The Hamptons Monthly Rental Index for March 2022 shows the appetite for property investment is on the rise again, with the share of homes purchased by owners across Britain rising from 12.0% to first quarter of 2021 to 13.9% in the first quarter of 2022.
This year’s figure marked the highest proportion recorded in the first quarter of any year since 2016, when investors rushed to beat the 3% stamp duty surcharge on second homes which was introduced in April 2016.
Overall, investors bought 42,980 homes across Britain in the first three months of this year, equivalent to £8.5billion worth of property, almost double the figure (4 £.6 billion) recorded before Covid in the first quarter of 2019.
The increase in rental purchases could help reverse the decline of the private rental sector which fell from a peak of 5.3 million units in 2017 to 5.0 million in 2021.
For the first time since 2016, investors bought more properties than they sold.
The share of homes sold by investors fell from 14% in 2021 to just 10% in the first quarter of 2022, the lowest proportion in 10 years. This means there was a net gain of 13,480 rental properties in Britain in the first quarter of 2022, compared to a net loss of 7,640 in the first quarter of 2021.
Investors are increasingly turning to the country’s most productive regions as a way to maximize their returns and hedge against inflation. So far this year, 71% of investors have bought in the country’s 50% most productive areas, up from 57% a decade ago.
It’s also one of the reasons why almost three-quarters (73%) of London-based landlords bought their rentals outside the capital this year, where yields tend to be higher, compared to fewer a quarter (24%) a decade ago.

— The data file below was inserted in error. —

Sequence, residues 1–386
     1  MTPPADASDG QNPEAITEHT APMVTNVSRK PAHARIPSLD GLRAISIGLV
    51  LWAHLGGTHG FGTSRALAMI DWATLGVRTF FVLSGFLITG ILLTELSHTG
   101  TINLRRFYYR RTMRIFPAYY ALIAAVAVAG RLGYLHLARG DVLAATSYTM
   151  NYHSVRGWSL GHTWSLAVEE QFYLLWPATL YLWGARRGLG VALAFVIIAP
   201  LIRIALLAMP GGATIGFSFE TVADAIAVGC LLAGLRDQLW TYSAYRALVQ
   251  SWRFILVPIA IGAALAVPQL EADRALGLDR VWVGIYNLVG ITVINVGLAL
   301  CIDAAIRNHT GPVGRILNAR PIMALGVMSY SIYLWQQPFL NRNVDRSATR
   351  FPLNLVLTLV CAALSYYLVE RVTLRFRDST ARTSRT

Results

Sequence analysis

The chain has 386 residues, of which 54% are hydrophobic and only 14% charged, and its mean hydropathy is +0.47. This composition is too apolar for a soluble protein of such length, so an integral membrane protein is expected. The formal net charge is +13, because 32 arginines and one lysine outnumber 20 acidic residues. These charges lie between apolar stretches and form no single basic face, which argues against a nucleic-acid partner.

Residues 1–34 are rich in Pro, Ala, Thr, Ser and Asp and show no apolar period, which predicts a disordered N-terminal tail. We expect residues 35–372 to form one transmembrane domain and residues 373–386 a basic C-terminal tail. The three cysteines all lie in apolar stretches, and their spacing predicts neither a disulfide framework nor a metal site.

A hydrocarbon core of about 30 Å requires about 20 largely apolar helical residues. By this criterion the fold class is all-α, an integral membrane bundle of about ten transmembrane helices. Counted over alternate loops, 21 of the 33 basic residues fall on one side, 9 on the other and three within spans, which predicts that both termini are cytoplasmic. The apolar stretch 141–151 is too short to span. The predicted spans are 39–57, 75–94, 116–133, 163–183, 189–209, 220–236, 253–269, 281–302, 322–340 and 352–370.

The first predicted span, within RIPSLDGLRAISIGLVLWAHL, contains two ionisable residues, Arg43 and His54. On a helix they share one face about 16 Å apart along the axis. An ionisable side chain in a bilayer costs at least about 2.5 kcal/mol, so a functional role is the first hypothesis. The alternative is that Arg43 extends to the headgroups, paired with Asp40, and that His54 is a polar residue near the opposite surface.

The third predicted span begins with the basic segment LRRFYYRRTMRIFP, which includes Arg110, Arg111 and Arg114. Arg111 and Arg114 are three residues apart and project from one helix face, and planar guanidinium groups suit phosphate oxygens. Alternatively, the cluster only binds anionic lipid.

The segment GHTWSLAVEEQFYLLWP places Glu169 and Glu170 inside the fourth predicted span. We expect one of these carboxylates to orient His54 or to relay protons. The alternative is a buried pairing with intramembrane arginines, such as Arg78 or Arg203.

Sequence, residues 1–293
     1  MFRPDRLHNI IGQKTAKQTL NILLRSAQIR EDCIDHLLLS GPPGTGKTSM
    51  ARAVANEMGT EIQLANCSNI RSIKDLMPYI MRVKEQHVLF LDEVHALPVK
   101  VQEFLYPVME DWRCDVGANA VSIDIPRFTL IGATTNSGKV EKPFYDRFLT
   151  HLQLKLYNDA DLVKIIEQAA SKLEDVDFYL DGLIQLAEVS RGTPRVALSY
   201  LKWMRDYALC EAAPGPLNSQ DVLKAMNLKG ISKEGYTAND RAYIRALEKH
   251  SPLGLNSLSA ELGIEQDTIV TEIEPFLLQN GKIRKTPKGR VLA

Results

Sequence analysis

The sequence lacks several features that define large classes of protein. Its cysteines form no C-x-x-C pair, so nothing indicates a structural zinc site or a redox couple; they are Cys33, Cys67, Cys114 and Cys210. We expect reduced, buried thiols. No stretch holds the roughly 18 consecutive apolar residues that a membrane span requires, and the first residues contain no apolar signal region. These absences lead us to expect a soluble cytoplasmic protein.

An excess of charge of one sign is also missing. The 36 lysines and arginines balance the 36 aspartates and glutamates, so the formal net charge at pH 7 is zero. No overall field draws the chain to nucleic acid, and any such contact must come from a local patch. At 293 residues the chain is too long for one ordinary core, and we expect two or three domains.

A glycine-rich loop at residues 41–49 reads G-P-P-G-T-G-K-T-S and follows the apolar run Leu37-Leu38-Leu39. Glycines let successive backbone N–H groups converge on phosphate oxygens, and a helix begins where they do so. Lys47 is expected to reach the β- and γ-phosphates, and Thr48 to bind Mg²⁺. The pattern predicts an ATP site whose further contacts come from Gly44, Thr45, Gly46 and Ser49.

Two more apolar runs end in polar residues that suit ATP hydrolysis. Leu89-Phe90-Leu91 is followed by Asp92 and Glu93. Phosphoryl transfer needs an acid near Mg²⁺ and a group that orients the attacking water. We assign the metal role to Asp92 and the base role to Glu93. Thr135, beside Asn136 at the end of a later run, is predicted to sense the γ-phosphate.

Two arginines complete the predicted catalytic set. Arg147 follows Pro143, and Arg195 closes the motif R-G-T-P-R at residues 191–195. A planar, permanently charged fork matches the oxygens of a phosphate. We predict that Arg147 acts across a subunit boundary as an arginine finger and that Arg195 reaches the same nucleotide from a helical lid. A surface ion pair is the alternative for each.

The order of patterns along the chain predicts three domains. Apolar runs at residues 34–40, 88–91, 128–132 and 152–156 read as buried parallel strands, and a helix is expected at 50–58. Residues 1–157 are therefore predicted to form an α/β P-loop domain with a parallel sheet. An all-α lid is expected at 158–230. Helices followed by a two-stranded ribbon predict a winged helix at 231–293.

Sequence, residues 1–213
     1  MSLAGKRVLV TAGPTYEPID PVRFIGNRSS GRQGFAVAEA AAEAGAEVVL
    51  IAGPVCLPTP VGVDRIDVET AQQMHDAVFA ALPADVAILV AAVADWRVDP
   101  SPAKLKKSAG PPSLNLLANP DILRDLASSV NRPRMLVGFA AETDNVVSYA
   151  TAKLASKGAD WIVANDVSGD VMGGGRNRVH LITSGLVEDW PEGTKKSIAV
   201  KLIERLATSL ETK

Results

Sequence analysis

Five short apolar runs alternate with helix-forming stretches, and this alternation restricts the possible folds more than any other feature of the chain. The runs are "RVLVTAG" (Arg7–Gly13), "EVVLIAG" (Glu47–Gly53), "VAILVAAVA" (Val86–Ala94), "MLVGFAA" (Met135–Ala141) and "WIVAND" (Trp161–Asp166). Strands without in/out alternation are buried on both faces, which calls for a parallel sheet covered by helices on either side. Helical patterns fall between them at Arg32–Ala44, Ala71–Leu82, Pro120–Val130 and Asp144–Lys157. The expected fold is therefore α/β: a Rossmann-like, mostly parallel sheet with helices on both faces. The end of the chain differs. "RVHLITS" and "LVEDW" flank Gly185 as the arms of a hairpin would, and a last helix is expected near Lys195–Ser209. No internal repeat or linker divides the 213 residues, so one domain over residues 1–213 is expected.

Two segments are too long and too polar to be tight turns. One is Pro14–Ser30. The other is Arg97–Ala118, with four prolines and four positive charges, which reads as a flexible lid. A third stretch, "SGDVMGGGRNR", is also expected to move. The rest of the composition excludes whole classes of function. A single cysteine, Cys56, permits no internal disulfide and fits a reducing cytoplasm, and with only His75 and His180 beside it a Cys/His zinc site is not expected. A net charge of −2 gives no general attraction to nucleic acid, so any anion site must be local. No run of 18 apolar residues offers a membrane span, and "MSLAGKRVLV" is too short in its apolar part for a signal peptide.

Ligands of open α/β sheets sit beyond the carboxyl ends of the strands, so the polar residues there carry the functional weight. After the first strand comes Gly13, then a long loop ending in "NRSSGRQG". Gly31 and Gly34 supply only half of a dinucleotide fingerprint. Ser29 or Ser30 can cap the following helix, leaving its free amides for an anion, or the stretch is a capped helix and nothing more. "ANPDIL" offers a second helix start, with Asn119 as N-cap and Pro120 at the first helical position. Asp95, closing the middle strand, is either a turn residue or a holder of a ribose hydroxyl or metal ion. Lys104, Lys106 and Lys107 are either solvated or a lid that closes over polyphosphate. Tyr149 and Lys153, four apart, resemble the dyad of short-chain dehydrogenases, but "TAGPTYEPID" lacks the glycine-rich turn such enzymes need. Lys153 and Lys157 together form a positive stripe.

The North East is Britain’s rental capital, where investors bought 27.7% of homes sold in the first three months of this year, more than double the share bought by first-time buyers ( 12%).
It is also the region that has seen the largest year-on-year increase in rental purchases. This is perhaps unsurprising given that it offers the highest gross yields in the country, averaging 9.0% compared to 6.5% in England and Wales.
Middlesbrough tops the list of local authority buy-to-let hotspots – 58% of homes sold in the area in the last six months were bought by an investor. With an average gross return of 8.9%, it is the 13th most profitable local authority in England and Wales. While the Northern regions dominate the buy-to-let list, six Southern regions feature in the top 15, including London’s most affordable borough, Barking and Dagenham.
However, the lack of stocks available for purchase means that investors increasingly have to pay the asking price. While landlords are known to bargain hard, competition from other buyers has meant that so far this year 40% of investors have had to pay more than the asking price for their new buy-to-let. For the first time since our records began, the average investor is paying more than 100% of the asking price for a buy-to-let in England and Wales.
Last month the average cost of a new rental in Britain rose to £1,115 pcm, up 9.1% from its 2021 low of £1,022 pcm in March last year .
Although this represented an increase in rent growth after six months of cooling, Hamptons expects it to slow again in the coming months given how quickly rents have accelerated from 2019. April last year.
Rents in Inner London saw the strongest growth as they continued to recover. Even so, at an average of £2,571 pcm, up 21.3% year-on-year, the average house in Inner London costs £99 or 3.7% less than in March 2019. Outside of London, the South West recorded the strongest rental growth, at 14.9%.
Aneisha Beveridge, head of research at Hamptons, commented:
“Tax and regulatory changes have weighed heavily on the buy-to-let industry over the past five years, pushing more owners to sell at a time when fewer new entrants were looking to buy.
“As a result, there are around 300,000 private rental homes in Britain today than at the peak of the sector in 2017. Although we expect investors to continue to buy at around the same rate Over the course of 2022, this is unlikely to be enough to offset the total loss of rental housing over the past five years.
“The lack of rental housing is one of the reasons why rents have increased at such a rate over the past year. March set a new record for rent growth as rents rebounded from 2021 lockdown lows last March.
“But as these new rental purchases begin to fuel the rental market over the next few months, we expect to see rental growth slow, especially as the cost of living crisis also weighs on the affordability.”